This affected us in our custom cabinet shop, because we made the appliance garage as part of the entire cabinet.

    The photo above, right, is a classic example.  It is a beautiful bookcase area we built and installed in a couples living room.  It is actually built in four pieces, two bases, and two upper parts.  The upper part actually sits on top of the bases, so, there is no choice but to install the bases first, not to mention it is actually easier, in the long run and in most applications, to install bases first.

    WHAT ABOUT KEEPING YOUR CABINETS AND COUNTERTOPS SAFE?

    Okay, let’s say you want to install the base cabinets first, but are afraid you are going to drop a screw gun on the cabinets or countertop underneath you.

    There is a simple solution. Put blankets down.

    If, after you install the bases and countertops you just do this simple thing, you can easily use the countertop for extra work space, and/or use the bases to actually help you install the uppers, while still keeping them safe.

    T-JAK, OR ANY KIND OF SIMILAR JACK, WILL WORK WONDERS

    We always installed the bases first, then the countertop.

    We then used a T-JAK to hold up the upper cabinets. If you don’t have one and are going to be doing a lot of work, they are worth the investment and will run you around $70. If you get handy with them, you can just about install all your cabinets by yourself.  

    Your local contractor or dry-waller may have one they would rent or borrow to you, especially if they are doing some work in your home.

    If you can’t find one, it is still beneficial to install the bases first. You can use a small, regular jack, or find help to lift and hold those cabinets for you (which you would have to do anyway if you were installing the uppers first.)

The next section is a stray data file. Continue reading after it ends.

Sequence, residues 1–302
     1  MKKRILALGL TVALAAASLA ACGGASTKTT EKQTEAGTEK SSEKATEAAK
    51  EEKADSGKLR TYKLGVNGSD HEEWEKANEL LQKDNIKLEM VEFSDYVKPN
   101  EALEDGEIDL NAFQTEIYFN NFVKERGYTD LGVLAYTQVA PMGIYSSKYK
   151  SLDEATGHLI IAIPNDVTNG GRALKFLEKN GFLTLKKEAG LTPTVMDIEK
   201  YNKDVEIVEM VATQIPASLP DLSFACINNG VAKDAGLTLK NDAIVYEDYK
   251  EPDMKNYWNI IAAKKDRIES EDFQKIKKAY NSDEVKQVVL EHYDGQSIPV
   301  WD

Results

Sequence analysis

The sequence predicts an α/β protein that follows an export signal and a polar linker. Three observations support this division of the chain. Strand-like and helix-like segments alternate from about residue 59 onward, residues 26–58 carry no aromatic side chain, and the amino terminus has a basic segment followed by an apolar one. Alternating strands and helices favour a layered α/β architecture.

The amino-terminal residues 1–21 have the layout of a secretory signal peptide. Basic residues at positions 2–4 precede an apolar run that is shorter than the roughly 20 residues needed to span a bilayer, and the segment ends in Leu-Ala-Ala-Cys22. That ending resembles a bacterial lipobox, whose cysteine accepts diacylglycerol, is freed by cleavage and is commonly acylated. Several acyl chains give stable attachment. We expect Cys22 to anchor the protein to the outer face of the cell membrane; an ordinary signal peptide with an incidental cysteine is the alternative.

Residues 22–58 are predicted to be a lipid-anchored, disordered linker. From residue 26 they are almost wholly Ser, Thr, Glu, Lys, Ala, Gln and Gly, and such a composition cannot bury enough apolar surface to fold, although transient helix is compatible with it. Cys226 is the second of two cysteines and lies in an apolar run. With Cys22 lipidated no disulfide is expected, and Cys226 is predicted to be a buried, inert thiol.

Just some things to think about when you are deciding how to install kitchen cabinets.

    TOOLS AND SUPPLIES YOU WILL NEED TO INSTALL KITCHEN CABINETS

  • A Good Level
  • Tape Measurer & Pencils
  • Blankets or other covering to protect your floor and countertops if needed
  • A Drill and Appropriate Drill Bits
  • A Screw Gun and Appropriate Bits
  • Screws (may possibly need ½” to 4”, most common is 2 ½”)
  • Extension Cords
  • Stud Finder
  • Ladders
  • Belt Sander
  • Vacuum Cleaner
  • ¾” thick x 2 or 3” wide lengths of some type of wood, pine strips, or particle board to attach to top of bases so you can attach countertops from underneath (if installing laminate or solid surface countertops – if you are installing granite or quartz, you’ll have to beef it up a bit more in certain areas)
  • T-Jak (if you have one available)
  • Small Air Compressor (to install top trim & toe kick)
  • Air Nozzles and Hoses
  • Chop Saw (for top trim & toe kick) & Stand (if you have one – it makes it easier)
  • TOOLS YOU WILL PROBABLY OR MAY NEED

  • Jig Saw and Blades
  • Electric Planer
  • Hammer Drill (if going into cement)
  • Wood putty to fill in any small gaps or holes
  • Laser Level (if you have one or can borrow one – they save a ton of time)
  • Don't be afraid to challenge conventional wisdom. You may save yourself hours of work!!

    Return to Kitchen and Bath Cabinets from How to Install Kitchen Cabinets Page.

    And, as always - HAVE A HAPPY KITCHEN!!